Functional programming for your everyday javascript: Partial application

Today we are here to solve a mystery, the mystery of why some people choose to create functions that take a callback as the first argument. You might be thinking that the answer is partial application and you would be half right, but partial application is just the means to an end, the real reason to do such a thing is to enable a "better" function composition. But before we get into details of partial application let's explore how we do things now.

How we do things

When we create a function we usually sort the arguments by some kind of importance/priority level, where the most important goes first. As a result, when we create a function that works on a piece of data it becomes the first thing on the list, it's followed by less important configuration arguments and the last thing are optional arguments that we can omit.

Say that we want to create a function that picks specific properties from a plain object. Let's think of what we need. The object, that was your first thought? It's natural, you don't want to omit it by accident when you call the function. That leaves the keys that we are going to choose as the last argument.

function pick(obj, keys) {
  let result = {};
  
  for(key of keys) {
    result[key] = obj[key];
  }
  
  return result;
}

Note: We are not the only ones that think like this, check out lodash pick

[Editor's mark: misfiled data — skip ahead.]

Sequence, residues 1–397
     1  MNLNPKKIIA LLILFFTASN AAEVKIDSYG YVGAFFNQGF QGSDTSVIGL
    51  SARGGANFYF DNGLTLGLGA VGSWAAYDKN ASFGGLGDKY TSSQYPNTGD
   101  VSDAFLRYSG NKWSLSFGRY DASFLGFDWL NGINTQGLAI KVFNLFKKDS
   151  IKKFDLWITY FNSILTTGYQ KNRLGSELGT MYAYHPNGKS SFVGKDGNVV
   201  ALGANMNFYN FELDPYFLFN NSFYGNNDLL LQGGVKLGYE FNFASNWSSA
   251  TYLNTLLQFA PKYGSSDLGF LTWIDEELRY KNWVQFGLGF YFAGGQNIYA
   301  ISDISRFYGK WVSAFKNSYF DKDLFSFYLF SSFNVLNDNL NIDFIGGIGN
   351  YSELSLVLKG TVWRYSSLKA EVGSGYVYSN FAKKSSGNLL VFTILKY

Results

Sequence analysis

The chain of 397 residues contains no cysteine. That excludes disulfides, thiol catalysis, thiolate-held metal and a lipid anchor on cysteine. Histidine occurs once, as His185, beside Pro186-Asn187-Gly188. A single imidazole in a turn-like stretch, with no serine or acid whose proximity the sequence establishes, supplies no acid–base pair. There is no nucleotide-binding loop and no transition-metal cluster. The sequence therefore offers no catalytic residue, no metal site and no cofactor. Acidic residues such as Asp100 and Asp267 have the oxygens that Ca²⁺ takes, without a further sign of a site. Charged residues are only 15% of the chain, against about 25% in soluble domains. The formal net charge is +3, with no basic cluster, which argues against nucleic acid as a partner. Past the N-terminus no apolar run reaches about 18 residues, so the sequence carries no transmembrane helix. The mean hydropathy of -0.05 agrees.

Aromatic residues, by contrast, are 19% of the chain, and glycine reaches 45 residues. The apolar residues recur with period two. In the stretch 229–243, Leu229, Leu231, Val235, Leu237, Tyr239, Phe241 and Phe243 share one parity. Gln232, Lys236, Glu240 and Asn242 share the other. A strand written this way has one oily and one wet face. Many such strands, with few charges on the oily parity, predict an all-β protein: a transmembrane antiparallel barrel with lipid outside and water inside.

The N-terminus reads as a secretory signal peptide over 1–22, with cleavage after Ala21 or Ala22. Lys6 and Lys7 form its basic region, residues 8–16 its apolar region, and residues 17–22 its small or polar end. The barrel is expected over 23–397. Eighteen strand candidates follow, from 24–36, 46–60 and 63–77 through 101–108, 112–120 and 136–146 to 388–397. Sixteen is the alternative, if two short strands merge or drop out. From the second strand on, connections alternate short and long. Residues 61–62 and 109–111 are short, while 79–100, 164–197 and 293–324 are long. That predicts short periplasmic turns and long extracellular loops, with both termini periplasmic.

Now, say that we have a user object and we want to hide any "sensitive" data. We would use it like this.

const user = {
  id: 7,
  name: "Tom",
  lastname: "Keen",
  email: "noreply@example.com",
  password: "hudson"
};

pick(user, ['name', 'lastname']); 

// { name: "Tom", lastname: "Keen" }

That works great, but what happens when we need to work with an array of users?

const users = [
  {
    id: 7,
    name: "Tom",
    lastname: "Keen",
    email: "noreply@example.com",
    password: "hudson"
  },
  {
    id: 30,
    name: "Smokey",
    lastname: "Putnum",
    email: "noreply@example.com",
    password: "carnival"
  },
  {
    id: 69,
    name: "Lady",
    lastname: "Luck",
    email: "noreply@example.com",
    password: "norestforthewicked"
  }
];

We are force to iterate over the array and apply the function.

users.map(function(user) {
  return pick(user, ['name', 'lastname']);
});

/*
[
  {"name": "Tom", "lastname": "Keen"},
  {"name": "Smokey", "lastname": "Putnum"},
  {"name": "Lady", "lastname": "Luck"}
]
*/